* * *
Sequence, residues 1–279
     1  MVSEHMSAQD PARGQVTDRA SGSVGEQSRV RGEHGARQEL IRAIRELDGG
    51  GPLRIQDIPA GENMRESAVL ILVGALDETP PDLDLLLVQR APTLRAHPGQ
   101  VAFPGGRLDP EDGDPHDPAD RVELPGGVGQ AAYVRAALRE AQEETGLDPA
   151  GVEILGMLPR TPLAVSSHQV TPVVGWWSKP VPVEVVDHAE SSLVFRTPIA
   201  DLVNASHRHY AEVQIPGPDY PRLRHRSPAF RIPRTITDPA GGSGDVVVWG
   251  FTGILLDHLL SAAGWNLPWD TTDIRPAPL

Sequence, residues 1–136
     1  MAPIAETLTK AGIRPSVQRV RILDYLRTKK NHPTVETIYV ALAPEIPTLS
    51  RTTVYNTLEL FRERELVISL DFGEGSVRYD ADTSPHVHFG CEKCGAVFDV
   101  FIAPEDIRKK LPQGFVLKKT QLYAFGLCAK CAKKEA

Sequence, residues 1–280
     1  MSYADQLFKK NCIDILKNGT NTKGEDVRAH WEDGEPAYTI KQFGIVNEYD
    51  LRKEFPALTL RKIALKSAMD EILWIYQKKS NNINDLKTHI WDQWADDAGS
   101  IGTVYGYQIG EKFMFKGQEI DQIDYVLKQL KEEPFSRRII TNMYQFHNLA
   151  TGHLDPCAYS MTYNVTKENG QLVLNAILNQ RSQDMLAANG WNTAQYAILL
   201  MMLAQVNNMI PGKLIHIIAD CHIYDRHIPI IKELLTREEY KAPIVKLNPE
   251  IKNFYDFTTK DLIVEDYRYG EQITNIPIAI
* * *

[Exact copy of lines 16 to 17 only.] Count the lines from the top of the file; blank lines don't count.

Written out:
   151  TGHLDPCAYS MTYNVTKENG QLVLNAILNQ RSQDMLAANG WNTAQYAILL
   201  MMLAQVNNMI PGKLIHIIAD CHIYDRHIPI IKELLTREEY KAPIVKLNPE